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Page:The Works of Lord Byron (ed. Coleridge, Prothero) - Volume 6.djvu/24

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xvi
INTRODUCTION TO DON JUAN.

publication of these later cantos, which had been declined by Murray, and were finally entrusted to John Hunt, was spread over a period of several months. Cantos VI., VII., VIII., with a Preface, were published July 15; Cantos IX., X., XI., August 29; Cantos XII., XIII., XIV., December 17, 1823; and, finally, Cantos XV., XVI., March 26, 1824. The composition of Don Juan, considered as a whole, synchronized with the composition of all the dramas (except Manfred) and the following poems: The Prophecy of Dante, (the translation of) The Morgante Maggiore, The Vision of Judgment, The Age of Bronze, and The Island.

There is little to be said with regard to the "Sources" of Don Juan. Frere's Whistlecraft had suggested Beppo, and, at the same time, had prompted and provoked a sympathetic study of Frere's Italian models, Berni and Pulci (see "Introduction to Beppo," Poetical Works, 1901, iv. 155-158; and "Introduction to The Morgante Maggiore, ibid., pp. 279-281); and, again, the success of Beppo, and, still more, a sense of inspiration and the conviction that he had found the path to excellence, suggested another essay of the ottava rima, a humorous poem "à la Beppo," on a larger and more important scale. If Byron possessed more than a superficial knowledge of the legendary "Don Juan," he was irresponsive and unimpressed. He speaks (letter to Murray, February 16, 1821) of "the Spanish tradition;" but there is nothing to show that he had read or heard of Tirso de Molina's (Gabriel Tellez) El Burlador de Sevilla y Convidado de Piedra (The Deceiver of Seville and the Stone Guest), 1626, which dramatized the "ower true tale" of the actual Don Juan Tenorio; or that he was acquainted with any of the Italian (e.g. Convitato di Pietra, del Dottor Giacinto Andrea Cicognini, Fiorentino [see L. Allacci Drammaturgia, 1755, 4°, p. 862]) or French adaptations of the legend (e.g. Le Festin de Pierre, ou le fils criminel, Tragi-comédie de De Villiers, 1659; and Molière's Dom Juan, ou Le Festin de Pierre, 1665). He had seen (vide post, p. 11, note 2) Delpini's pantomime, which was based on Shadwell's Libertine, and he may have witnessed, at Milan or Venice, a performance of Mozart's Don Giovanni; but in taking Don Juan for his "hero," he took the name only, and disregarded the "terrible figure" "of the Titan of embodied evil, the likeness of sin made flesh" (see Selections from the Works of Lord Byron, by A. C. Swinburne, 1885, p. xxvi.), "as something to his purpose nothing"!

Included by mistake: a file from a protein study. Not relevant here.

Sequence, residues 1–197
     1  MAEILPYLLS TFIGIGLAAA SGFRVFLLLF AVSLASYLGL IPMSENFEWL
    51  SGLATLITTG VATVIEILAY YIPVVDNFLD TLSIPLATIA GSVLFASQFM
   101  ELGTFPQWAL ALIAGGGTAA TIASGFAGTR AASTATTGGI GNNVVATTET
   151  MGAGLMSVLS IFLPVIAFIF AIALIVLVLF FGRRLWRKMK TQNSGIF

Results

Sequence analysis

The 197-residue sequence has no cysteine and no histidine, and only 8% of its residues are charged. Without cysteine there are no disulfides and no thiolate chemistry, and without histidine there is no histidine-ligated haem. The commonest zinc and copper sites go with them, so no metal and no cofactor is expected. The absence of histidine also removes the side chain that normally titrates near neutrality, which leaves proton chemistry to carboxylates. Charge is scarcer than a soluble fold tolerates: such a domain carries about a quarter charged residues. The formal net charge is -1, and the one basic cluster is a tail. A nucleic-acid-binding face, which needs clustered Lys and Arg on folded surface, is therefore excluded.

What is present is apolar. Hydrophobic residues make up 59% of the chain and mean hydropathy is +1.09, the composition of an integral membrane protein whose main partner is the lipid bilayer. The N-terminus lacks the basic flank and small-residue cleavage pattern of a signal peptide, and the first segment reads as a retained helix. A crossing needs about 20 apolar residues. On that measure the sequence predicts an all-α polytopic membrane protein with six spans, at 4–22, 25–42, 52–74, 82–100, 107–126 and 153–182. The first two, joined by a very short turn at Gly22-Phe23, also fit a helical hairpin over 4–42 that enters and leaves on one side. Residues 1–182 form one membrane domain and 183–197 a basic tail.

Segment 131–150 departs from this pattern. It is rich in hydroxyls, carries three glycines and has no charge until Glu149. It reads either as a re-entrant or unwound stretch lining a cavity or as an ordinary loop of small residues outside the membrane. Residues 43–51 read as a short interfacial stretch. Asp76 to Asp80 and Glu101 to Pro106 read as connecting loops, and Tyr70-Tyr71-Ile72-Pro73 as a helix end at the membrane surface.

Why, then, did he choose the name, and what was the scheme or motif of his poem? Something is to be gathered from his own remarks and reflections; but it must be borne